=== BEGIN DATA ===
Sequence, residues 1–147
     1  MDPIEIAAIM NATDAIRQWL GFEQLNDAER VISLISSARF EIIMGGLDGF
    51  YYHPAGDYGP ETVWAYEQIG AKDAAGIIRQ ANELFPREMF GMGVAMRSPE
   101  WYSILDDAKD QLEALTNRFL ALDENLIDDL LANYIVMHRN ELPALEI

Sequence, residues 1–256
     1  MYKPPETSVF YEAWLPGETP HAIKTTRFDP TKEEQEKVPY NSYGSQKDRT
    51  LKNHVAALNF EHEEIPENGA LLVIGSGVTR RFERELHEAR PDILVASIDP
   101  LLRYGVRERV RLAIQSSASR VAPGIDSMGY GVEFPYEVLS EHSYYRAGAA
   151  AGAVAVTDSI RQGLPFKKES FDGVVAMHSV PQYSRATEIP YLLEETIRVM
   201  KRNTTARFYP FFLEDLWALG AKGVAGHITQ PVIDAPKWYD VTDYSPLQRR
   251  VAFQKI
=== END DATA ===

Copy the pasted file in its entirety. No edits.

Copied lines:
Sequence, residues 1–147
     1  MDPIEIAAIM NATDAIRQWL GFEQLNDAER VISLISSARF EIIMGGLDGF
    51  YYHPAGDYGP ETVWAYEQIG AKDAAGIIRQ ANELFPREMF GMGVAMRSPE
   101  WYSILDDAKD QLEALTNRFL ALDENLIDDL LANYIVMHRN ELPALEI

Sequence, residues 1–256
     1  MYKPPETSVF YEAWLPGETP HAIKTTRFDP TKEEQEKVPY NSYGSQKDRT
    51  LKNHVAALNF EHEEIPENGA LLVIGSGVTR RFERELHEAR PDILVASIDP
   101  LLRYGVRERV RLAIQSSASR VAPGIDSMGY GVEFPYEVLS EHSYYRAGAA
   151  AGAVAVTDSI RQGLPFKKES FDGVVAMHSV PQYSRATEIP YLLEETIRVM
   201  KRNTTARFYP FFLEDLWALG AKGVAGHITQ PVIDAPKWYD VTDYSPLQRR
   251  VAFQKI